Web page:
Pallant House Gallery presents an exhibition of paintings and drawings by the influential Nicholson family, who along with their circle of friends, made a major contribution to modern British art. Drawn from a rare private collection which joins the Gallery on long-term loan, the exhibition includes works by Sir William Nicholson and his wife Mabel Pryde, their sons Ben and Kit Nicholson and partners Winifred and EQ Nicholson and friends such as Lucian Freud and John Craxton.

Many of the works in the show were owned by Elsie Queen Nicholson (known as E.Q), whose Hampshire home, the Alderholt Mill House, gives its name to the collection, several of which were given to her by the artists themselves. Described by her friend John Craxton as a ‘painter's moll, with a wonderful gift", E.Q was a celebrated textile and interior designer, who during an intense period of just fifteen years produced some 120 works in gouache, inks, pencil, watercolour, pastel and collage. The exhibition features a number of works by EQ including portraits of her husband and young son, still life paintings and pictures of the Mill House gardens and surrounding area, all reflecting the simple domesticity of their existence.

E.Q. lived at the Mill House from 1941 to 1947, having moved out of London to escape the bombs. For much of the time her husband, Kit, was away at war but she was kept company by her friend John Craxton, who later maintained that it was in ‘EQ's hospitable home' that he first found himself as a painter, citing her ‘joie de vivre' as the catalyst for a fruitful period of landscape painting. The exhibition includes Craxton's atmospheric watercolours of Alderholt Mill and the surrounding landscape which show the development of his engagement with Neo-Romanticism.

Lucian Freud, a close friend of Craxton was another frequent visitor and the exhibition includes his drawing of Craxton in the sitting room at the Mill House in which he is depicted holding a nib pen and ink. It is shown alongside other works produced by the artist in the vicinity such as a drawing of E.Q.'s donkey facing the viewer head on, a position Freud subsequently repeated in later works.

E.Q. had become a member of the Nicholson family in 1931 when she married Christopher (Kit) Nicholson, the younger son of William Nicholson and Mabel Pryde and brother of Ben. Both William and Mabel were respected painters and the exhibition includes one of Mabel's works inherited by EQ, The Grange, Rottingdean (1912) which shows a 13-year old Nancy Nicholson sitting in a chair staring ahead while her brother Kit is framed in a far-off doorway, and William's painting The White House, Sutton Veny (c.1926) which he gave to E.Q. and Kit and hung on the wall of the Mill House.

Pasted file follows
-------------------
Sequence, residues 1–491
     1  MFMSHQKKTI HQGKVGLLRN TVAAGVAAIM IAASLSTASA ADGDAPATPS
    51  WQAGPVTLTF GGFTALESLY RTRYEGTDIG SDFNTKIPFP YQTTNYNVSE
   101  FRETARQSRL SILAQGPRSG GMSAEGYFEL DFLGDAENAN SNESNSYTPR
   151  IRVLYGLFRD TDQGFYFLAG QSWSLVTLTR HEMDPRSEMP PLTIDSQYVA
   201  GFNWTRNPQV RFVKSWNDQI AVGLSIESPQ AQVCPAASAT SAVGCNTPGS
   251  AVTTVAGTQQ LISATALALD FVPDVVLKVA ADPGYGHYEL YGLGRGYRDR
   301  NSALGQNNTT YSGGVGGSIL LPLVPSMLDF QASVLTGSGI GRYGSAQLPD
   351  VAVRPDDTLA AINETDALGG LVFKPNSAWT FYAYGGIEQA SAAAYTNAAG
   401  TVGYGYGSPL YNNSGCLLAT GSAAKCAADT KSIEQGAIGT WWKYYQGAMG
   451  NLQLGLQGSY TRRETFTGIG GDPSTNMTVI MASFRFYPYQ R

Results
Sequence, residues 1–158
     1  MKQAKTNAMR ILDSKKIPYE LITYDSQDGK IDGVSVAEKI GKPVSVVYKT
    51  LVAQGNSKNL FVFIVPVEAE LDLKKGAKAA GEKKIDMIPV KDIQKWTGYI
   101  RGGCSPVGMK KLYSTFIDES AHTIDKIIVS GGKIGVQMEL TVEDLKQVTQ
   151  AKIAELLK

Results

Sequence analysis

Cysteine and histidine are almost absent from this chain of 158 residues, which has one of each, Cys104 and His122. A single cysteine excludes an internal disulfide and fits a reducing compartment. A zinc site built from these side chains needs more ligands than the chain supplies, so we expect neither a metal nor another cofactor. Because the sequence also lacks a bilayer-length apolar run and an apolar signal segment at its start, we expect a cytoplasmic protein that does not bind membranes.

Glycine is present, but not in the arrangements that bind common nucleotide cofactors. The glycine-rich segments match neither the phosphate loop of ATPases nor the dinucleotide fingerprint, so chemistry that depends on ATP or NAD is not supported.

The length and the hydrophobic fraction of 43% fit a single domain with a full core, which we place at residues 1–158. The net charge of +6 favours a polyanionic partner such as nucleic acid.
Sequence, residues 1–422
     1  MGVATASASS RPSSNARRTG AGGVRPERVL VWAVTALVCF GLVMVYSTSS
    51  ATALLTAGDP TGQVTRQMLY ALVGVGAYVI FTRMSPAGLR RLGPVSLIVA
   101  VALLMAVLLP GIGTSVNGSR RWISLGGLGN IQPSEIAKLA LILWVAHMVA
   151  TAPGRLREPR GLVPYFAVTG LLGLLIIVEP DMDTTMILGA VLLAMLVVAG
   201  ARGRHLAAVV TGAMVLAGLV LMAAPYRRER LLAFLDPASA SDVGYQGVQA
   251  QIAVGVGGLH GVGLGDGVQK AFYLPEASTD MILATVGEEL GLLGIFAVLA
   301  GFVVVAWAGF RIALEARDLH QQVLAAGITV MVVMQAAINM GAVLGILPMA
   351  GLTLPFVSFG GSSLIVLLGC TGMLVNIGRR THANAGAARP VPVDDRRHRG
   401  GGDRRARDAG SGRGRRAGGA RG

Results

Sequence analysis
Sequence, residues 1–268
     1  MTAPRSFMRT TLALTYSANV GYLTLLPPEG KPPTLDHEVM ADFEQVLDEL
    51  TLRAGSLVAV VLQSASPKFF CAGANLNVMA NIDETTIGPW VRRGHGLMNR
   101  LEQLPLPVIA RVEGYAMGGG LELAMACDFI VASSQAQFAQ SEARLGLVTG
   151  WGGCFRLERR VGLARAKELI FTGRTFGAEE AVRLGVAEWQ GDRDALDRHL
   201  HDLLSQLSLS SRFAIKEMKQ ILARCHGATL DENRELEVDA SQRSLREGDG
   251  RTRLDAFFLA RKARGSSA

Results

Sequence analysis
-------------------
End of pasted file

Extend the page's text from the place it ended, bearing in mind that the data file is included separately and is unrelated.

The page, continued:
Though Kit had also wished to be a painter, he was discouraged by his father, and instead studied architecture at Cambridge and Princeton Universities. In 1933, after setting up practice in London, Kit began a number of commissions, including one to make alterations to Durham Wharf, the Thames-side studio and home of Julian Trevelyan and his wife, the potter Ursula Mommens who had been a girlhood friend of E.Q. The exhibition includes a 1946 painting of Durham Wharf by Trevelyan, produced just two years before died Kit tragically in a gliding accident.

Ben Nicholson, Kit's brother, always held E.Q in high esteem and the exhibition includes one of the collage greetings cards he made for her and Kit. It also includes a 1934 woodcut by Ben, ‘5 Circles', made at a time when the painter was also constructing his white-painted carved, incised reliefs with layered and juxtaposed circles, squares and rectangles.

Ben's first wife, Winifred Nicholson, features in the exhibition, most strikingly through her portrait of Kit (1928) as a young man absorbed reading a book. The painting provides a fitting companion piece to Portrait of William Nicholson and ‘Ben with Slinky' (Also known as 'A Portrait of Ben Nicholson with Slinky the Dog') which are represented in the Gallery's collection, also on long-term loan.

Katy Norris, Curator of the exhibition says: "Bringing together paintings and drawings from the Mill House collection with works by the Nicholsons already on long-term loan to the Gallery, provides a fascinating insight into the creative lives of the Nicholson family and their friends, their close awareness of each other's work and the uniquely collaborative spirit which enriched and fed their individual practices."